U.S. Retailer Sears Files For Chapter 11 Bankruptcy Protection

Once mighty retailer Sears (NASDAQ: SHLD) has filed for Chapter 11 bankruptcy protection citing massive debt and mounting losses.

Sears now has fewer than 900 stores, down from 1,000 at the end of 2017. The number of stores peaked in 2012 at 4,000, including its Sears Canada division that was later spun off. Sears Canada closed its stores earlier this year.

Sears had started out in the U.S. as a mail order catalogue in the 1880s, but has failed to innovate and incurred big losses in recent years. The operator of Sears and Kmart stores joins a growing list of retailers that have filed for bankruptcy, including Payless ShoeSource, Toys R Us and Bon-Ton Stores Inc.

Sears bankruptcy filing comes ahead of the crucial holiday shopping season, and after rescue efforts engineered by its Chief Executive Eddie Lampert have kept it outside of bankruptcy court until now.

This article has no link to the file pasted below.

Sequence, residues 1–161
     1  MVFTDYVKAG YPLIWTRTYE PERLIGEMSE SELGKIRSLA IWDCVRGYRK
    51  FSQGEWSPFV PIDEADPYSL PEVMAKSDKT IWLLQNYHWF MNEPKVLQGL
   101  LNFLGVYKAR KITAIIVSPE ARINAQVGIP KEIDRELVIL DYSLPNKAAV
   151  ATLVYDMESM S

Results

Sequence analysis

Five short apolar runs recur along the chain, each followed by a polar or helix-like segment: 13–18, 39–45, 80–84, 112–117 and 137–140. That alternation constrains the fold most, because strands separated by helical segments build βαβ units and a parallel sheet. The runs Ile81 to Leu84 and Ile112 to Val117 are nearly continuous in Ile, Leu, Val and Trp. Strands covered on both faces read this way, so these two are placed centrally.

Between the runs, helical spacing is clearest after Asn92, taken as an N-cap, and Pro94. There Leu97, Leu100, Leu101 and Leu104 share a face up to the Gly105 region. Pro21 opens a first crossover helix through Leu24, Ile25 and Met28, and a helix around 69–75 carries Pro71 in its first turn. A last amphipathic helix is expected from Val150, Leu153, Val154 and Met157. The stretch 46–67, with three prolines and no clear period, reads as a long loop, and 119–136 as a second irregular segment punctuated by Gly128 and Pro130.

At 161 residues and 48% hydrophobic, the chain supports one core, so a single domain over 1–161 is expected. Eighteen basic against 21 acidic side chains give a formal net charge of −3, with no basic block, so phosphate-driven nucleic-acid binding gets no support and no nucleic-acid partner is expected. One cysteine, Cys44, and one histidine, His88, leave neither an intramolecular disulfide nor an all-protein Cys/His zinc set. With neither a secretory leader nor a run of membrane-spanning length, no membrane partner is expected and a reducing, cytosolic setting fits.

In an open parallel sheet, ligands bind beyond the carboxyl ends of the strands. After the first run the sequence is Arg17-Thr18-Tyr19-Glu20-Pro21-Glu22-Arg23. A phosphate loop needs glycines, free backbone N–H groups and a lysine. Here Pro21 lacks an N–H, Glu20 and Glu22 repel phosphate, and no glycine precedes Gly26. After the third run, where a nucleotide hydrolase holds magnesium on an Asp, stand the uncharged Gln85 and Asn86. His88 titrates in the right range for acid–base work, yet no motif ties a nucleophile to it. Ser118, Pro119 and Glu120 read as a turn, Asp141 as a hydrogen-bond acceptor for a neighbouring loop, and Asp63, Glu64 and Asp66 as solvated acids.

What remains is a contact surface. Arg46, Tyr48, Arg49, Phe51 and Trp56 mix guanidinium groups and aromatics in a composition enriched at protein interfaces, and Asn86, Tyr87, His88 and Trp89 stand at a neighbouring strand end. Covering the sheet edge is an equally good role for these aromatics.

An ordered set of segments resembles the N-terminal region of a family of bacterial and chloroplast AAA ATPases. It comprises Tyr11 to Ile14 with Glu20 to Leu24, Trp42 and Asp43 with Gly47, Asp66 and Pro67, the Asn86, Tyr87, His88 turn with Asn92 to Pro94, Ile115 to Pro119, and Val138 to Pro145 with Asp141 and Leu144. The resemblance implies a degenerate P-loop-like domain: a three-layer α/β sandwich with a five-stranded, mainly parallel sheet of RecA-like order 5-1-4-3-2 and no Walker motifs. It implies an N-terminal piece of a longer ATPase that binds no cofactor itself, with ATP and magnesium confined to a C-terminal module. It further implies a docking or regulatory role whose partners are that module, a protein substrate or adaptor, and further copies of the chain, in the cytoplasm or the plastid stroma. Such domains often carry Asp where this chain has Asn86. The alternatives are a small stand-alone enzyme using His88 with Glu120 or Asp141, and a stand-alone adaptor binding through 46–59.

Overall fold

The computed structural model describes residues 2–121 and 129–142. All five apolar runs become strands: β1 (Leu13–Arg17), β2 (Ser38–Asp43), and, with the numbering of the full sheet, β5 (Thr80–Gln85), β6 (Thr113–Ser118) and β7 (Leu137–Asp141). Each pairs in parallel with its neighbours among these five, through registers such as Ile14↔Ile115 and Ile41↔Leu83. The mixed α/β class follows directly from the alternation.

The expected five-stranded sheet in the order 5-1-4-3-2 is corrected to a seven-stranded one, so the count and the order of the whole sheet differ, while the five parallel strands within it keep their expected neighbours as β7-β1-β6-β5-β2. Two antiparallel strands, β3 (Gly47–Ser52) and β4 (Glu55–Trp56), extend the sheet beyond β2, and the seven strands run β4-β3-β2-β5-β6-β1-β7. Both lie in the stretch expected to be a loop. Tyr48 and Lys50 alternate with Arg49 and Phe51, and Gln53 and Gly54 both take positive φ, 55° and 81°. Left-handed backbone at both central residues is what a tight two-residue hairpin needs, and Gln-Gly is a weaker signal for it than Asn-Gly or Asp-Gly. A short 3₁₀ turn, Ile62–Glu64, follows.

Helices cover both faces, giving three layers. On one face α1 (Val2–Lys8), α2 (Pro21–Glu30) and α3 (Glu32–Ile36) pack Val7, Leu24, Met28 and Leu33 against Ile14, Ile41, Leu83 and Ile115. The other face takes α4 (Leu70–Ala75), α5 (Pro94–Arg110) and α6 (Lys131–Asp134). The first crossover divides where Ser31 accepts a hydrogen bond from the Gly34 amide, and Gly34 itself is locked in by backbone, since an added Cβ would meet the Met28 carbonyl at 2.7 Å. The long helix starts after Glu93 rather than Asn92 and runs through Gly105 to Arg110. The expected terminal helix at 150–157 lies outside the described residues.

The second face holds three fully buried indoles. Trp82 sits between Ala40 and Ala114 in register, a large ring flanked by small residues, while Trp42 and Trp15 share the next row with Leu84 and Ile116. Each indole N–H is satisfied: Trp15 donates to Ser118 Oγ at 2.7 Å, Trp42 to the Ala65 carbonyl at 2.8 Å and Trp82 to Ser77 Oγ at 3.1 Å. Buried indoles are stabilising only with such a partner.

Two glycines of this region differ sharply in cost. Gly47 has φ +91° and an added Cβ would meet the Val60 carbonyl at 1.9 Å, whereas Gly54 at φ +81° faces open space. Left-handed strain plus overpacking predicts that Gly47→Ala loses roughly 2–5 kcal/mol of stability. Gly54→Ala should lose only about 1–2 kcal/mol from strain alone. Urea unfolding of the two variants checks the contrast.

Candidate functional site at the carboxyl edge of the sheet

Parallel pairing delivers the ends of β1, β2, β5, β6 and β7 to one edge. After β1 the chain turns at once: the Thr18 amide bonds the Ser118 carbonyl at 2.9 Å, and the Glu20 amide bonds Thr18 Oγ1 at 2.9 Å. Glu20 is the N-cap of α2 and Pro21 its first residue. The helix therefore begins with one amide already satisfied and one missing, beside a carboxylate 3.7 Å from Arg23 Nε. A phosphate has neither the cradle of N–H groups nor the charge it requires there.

Lampert has been pushing for a debt restructuring and offering to buy some of Sears' key assets, such as the Kenmore brand, through his hedge fund as a $134-million U.S. debt repayment comes due on Monday. Lampert personally owns 31% of the company's shares.

Sears has accumulated $6.26 billion in losses, excluding one-time events, since its last annual profit in 2010. The company has had 11 years of straight annual drops in revenue. In its last fiscal year, it generated $16.7 billion in sales, down from more than $50 billion in 2008.

Sears' stock has fallen from $6 over the past year to below the minimum $1 level that NASDAQ listed stocks are required to trade in order to remain on the stock exchange.